But in this case, I’m not sure I could craft a better rule. It looks to me like the new language meets the relevant statutory requirement of NFMA, which mandates that the planning rule specify guidelines for plans “to provide for diversity of plant and animal communities based on the suitability and capability of the specific land area in order to meet overall multiple-use objectives.” I agree with the Forest Service that the old viability rule is too rigid for the current situation. The Service will need some flexibility to respond to a changing climate, and it is right that many species that live part of their life on national forests are also strongly affected by the actions of other landowners.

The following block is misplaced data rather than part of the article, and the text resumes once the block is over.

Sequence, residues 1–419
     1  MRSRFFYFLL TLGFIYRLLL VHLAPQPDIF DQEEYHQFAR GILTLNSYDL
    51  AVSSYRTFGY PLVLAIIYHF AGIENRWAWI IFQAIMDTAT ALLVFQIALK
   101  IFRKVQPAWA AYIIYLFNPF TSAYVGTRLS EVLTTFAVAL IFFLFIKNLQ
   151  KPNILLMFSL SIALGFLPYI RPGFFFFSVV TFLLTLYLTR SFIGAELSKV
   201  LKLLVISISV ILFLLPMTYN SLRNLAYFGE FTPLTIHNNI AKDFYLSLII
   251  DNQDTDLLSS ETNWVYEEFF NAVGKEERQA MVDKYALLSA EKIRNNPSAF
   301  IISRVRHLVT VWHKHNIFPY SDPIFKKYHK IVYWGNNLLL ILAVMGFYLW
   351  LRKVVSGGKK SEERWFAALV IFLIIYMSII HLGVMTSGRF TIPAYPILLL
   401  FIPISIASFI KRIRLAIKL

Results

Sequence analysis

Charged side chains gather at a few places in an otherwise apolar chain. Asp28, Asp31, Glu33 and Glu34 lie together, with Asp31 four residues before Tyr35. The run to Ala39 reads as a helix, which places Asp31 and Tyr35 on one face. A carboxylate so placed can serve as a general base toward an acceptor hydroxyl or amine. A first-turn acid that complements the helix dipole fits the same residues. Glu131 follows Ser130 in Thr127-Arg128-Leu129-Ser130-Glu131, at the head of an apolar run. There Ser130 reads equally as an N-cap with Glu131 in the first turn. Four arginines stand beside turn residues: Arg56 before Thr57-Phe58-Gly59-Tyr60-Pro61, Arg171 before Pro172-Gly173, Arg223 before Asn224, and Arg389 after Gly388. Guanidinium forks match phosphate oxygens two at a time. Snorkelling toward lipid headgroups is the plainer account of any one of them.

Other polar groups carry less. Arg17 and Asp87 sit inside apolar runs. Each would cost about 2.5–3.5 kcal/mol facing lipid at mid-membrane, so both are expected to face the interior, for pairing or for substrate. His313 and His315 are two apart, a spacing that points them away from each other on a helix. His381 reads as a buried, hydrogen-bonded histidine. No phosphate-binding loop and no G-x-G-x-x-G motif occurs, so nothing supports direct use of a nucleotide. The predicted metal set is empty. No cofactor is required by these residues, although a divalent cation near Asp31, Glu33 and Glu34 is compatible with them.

The key, of course, is to provide the Service with the discretion to respond to legitimate conservation challenges without allowing it to disregard conservation in favor of extractive industry interests. This is just one example of a far more general problem — if we need to adaptively manage lands and resources in order to be able to adjust to new conditions and new understanding, we have no choice but to give managers some discretion. The documented history of putting conservation well behind economic uses makes it difficult for environmentalists to feel comfortable about that, and its hard to create effective accountability and oversight measures for a necessarily discretionary regime.